I wish I had some sage advice as to how to get over gear lust, but all I can say is that if you can overcome this one obstacle in your music creation, you will be far better off.
I can’t tell you the amount of time I have wasted trying to research a piece of gear to get into my setup which I felt would revolutionize my sound or workflow, or streamline the process of making music, or salvage recordings I thought useless, or myriad other “problems” I think I have.
Unfortunately it all comes down to a culture of consumption. It surrounds us all day everyday. All advertising preys on the insecurities of us. “If I just had a Motif my keyboard parts would sound better!” or “Wow that artist is way more popular than I am, and look at all that sweet gear they have in their studio!” (I am talking about deadmau5 here, that guy has all the toys)
All I can say is that you will waste time and money buying gear and being disappointed in it. You will sell it because it didn’t have feature “x”, then buy other gear with feature “x” and be disappointed, then sell it because it doesn’t have feature “y”. Ad infinitum…
Trust me, having the newest sound library of violins might make your production a little better, but it might also take you a few weeks of mastering how to “play” that library to get the nuances out of it. Do you want to invest that time? It is the law of diminishing returns.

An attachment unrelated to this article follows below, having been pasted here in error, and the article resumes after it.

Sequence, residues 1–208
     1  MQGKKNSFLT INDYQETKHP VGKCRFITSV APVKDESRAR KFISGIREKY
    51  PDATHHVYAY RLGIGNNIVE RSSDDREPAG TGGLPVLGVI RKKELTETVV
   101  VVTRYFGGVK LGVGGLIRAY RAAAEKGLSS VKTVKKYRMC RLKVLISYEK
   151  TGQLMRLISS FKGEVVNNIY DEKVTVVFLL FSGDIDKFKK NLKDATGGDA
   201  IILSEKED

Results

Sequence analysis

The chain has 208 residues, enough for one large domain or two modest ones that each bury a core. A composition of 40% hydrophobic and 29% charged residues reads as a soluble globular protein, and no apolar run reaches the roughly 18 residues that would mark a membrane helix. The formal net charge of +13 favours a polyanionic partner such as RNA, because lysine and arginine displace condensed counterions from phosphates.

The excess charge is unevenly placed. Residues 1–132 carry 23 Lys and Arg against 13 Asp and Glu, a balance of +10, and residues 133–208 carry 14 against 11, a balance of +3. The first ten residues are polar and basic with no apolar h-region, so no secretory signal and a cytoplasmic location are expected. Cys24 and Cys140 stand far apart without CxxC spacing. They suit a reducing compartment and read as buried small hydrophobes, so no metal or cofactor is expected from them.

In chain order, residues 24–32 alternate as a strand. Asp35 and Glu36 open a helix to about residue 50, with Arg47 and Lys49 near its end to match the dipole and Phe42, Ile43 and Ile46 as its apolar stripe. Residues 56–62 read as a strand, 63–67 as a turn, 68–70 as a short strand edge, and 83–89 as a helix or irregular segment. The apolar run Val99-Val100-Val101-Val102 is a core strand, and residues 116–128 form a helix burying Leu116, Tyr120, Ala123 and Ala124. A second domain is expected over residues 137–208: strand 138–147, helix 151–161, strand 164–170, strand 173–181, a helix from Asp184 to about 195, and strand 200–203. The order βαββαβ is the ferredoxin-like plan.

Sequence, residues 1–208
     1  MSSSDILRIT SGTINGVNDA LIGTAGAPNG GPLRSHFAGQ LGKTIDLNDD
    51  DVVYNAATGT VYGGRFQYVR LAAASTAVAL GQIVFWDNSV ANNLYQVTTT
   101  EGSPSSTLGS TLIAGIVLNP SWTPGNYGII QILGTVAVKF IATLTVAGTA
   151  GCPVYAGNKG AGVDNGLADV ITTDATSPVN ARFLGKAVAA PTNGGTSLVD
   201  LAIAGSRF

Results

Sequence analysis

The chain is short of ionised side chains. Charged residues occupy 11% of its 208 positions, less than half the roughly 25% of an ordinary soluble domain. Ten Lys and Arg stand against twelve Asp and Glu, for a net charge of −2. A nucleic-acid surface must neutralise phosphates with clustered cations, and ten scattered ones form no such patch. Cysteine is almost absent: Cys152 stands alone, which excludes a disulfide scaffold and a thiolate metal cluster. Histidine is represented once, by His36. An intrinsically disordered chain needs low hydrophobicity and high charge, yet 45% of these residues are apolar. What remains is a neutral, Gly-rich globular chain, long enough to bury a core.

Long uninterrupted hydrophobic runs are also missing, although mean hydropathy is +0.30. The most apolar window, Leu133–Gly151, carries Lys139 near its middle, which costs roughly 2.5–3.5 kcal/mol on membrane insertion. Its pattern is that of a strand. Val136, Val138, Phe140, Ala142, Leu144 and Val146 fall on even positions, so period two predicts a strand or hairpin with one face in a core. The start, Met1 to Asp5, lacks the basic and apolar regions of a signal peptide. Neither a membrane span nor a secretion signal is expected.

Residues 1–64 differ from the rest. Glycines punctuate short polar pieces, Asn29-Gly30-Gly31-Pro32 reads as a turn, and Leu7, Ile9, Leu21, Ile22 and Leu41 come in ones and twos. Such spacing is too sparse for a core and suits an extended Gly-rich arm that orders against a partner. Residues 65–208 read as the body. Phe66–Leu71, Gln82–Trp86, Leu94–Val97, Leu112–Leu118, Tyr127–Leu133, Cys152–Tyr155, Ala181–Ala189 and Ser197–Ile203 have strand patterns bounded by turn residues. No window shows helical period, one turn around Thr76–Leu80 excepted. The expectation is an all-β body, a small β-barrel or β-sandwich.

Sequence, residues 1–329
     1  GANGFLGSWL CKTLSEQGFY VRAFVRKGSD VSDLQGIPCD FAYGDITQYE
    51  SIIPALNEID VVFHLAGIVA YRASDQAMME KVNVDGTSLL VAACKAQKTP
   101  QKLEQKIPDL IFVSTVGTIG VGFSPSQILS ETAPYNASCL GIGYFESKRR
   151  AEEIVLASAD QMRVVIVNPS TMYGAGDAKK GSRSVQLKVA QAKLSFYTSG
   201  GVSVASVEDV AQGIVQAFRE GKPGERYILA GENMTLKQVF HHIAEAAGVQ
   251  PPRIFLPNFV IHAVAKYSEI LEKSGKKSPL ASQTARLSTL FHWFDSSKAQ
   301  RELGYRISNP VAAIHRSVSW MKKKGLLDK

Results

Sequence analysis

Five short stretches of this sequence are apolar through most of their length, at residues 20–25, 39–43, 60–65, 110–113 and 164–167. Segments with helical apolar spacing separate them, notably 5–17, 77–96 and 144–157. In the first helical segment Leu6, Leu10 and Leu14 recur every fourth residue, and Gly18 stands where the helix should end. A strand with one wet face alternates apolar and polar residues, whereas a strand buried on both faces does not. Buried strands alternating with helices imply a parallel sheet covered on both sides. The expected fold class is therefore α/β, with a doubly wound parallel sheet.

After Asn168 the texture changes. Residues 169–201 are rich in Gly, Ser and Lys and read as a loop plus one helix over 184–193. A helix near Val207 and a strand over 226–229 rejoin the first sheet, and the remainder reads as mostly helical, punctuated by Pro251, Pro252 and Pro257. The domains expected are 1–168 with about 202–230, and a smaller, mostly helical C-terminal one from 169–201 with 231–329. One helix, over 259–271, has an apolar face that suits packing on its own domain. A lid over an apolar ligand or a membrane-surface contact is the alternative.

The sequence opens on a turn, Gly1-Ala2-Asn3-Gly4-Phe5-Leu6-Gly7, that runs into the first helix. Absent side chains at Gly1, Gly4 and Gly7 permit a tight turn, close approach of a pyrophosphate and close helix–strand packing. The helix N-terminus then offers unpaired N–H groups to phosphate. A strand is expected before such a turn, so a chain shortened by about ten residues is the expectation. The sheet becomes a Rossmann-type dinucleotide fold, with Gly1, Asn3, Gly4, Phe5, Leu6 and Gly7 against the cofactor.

If I could do it all again, I would have invested in the best gear I could afford years ago, then never looked back. If I had an MPC, or ASR10, or a Prophet or anything like that, I would still have and use it. The newest stuff is all a flash in the pan, gone in a second sort of product. Especially when it is tied to a computer to edit or backup or what-have-you. (I am looking at the Mopho by Dave Smith)
So again, my advice is to focus on really learning the gear you have and mastering that. As RJD2 said on a Gearslutz post “Art trumps gear 100% of the time.” Very often gear does not limit us.
The one retort I have to the entire gear lust culture is that sometimes you get a new piece of gear that just inspires you. It is hard to discount that feeling when you get a new synth and you spend hours immersed in sound design, then come up with a new riff or song. Like I said, I don’t have sage advice, as I am conflicted about this topic. In theory, to be a great musician I should be able to grab any instrument and make great music. That is easier said than done though.